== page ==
On occasion I run across Christian writings that embrace the notion of "progressive revelation," or in other circles, "development of doctrine." I am aware that the two phrases have different meanings - but there is something of a common thread - a thread that links parts of our modern world. That simple thread is the thought that something new, something not yet known, will be the answer that we've not yet had.
I will confess that I think about this when I contemplate the oil crisis - I would like to think I would wake up some morning to a headline that announced the invention of something that solved all of our environmental problems. I do not think that morning will come.
Neither will such a morning or evening come for Christians.
Christ, who is the fullness of Truth, is come. He has made Himself known and through Him we know the Father. From an Orthodox Christian perspective, there is simply nothing new to be known. No refinement of doctrine, no twist even of what we presently know will make any difference.
For the problem that we live with as human beings is not lack of knowledge, as ignorant as we may be. It is not that the knowledge is not there or unavailable, but that we don't want it. We are pernicious in this matter. If the problem were lack of information - then the problem continues to rest with God and until He comes through with more information, we are excused.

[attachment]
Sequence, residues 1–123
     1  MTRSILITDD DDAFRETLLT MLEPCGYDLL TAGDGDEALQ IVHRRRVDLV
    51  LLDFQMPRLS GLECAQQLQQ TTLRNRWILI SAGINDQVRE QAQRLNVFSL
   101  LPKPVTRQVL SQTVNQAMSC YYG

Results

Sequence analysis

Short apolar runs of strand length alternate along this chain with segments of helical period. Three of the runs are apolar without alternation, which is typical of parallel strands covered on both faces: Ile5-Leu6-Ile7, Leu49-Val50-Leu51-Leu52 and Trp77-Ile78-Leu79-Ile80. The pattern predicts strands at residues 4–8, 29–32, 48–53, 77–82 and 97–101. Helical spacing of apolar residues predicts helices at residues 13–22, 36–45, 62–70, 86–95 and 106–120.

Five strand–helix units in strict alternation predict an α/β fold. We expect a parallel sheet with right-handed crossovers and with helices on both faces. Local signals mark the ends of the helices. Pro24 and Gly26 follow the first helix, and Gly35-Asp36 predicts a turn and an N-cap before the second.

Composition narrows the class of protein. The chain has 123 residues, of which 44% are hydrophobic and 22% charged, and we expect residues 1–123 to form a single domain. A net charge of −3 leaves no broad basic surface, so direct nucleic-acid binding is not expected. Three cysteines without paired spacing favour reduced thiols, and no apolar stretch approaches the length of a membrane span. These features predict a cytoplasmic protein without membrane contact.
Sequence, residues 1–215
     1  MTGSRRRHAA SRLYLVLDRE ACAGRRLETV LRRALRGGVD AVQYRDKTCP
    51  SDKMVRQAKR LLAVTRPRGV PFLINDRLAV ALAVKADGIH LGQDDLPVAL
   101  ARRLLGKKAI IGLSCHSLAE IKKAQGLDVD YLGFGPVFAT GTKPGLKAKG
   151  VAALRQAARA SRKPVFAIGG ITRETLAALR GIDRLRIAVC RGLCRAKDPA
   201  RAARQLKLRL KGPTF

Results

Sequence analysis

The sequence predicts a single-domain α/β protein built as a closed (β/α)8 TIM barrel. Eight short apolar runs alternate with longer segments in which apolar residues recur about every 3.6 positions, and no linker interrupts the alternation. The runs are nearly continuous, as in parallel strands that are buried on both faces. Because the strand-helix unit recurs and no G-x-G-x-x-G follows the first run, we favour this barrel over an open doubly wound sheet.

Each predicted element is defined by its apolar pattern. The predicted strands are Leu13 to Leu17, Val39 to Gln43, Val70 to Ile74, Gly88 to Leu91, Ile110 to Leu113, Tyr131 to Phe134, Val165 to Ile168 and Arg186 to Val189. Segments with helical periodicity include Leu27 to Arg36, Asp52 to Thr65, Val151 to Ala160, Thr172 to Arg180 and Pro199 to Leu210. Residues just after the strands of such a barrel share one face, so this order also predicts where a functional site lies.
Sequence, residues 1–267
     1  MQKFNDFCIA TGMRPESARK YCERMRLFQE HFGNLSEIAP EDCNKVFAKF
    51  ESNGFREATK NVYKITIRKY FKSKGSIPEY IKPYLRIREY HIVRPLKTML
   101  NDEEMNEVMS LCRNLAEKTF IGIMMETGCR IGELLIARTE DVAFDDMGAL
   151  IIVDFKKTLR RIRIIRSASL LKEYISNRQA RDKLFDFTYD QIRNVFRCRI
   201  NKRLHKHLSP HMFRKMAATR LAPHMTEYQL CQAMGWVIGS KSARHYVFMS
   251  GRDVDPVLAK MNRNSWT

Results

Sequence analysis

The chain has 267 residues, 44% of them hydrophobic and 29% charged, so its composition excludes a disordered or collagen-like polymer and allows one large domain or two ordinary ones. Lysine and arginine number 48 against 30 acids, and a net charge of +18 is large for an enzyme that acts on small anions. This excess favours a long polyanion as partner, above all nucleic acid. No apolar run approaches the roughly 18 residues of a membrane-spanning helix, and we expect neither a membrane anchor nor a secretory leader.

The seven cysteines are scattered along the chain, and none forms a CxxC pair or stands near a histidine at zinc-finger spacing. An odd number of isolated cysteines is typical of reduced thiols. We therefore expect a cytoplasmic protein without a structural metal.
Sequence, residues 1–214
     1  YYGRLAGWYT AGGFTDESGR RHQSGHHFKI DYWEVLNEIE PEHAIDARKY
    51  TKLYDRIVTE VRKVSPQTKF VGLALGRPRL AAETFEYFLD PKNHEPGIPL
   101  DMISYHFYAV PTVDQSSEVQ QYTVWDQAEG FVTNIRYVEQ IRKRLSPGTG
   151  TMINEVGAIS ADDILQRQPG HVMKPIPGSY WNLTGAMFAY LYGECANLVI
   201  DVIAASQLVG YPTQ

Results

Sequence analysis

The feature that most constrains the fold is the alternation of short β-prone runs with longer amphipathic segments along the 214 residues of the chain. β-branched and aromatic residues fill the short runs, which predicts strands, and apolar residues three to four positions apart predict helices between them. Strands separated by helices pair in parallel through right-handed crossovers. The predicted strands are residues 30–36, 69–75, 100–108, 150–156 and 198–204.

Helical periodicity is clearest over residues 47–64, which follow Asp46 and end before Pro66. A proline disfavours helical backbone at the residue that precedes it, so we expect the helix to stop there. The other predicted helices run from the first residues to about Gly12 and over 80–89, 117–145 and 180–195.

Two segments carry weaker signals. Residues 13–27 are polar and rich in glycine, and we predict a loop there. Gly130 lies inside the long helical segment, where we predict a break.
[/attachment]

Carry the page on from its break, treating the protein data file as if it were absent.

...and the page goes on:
The Fullness of the Truth has been given to us in the God-Man, Jesus Christ. The great difficulty is in becoming a disciple of that God-Man, and taking the lifetime required to know and be conformed to the Truth which has been given us.
As an Orthodox priest it is not unusual to find people interested in Orthodoxy. It is also not unusual to find people who are interested in "doing something like Orthodoxy." They like some of the things we do and some of the things we say. They do not, however, want to become Orthodox.
I had the privilege yesterday evening during my visit to Kentucky to Chrismate and receive a young woman into the fullness of the Orthodox faith. Once again in my ministry, I stood by as a young woman repeated the words:
This true faith of the Orthodox Church, which I now voluntarily confess and truly hold, that same I will firmly maintain and confess, whole and unchanged, even until my last breath, God helping me. And I will teach and proclaim it, insofar as I am able. And I will strive to fulfill its obligations with zeal and joy, preserving my heart in good deeds and blamelessness. In witness of this, my true and pure-hearted confession, I kiss the Word and Cross of my Savior.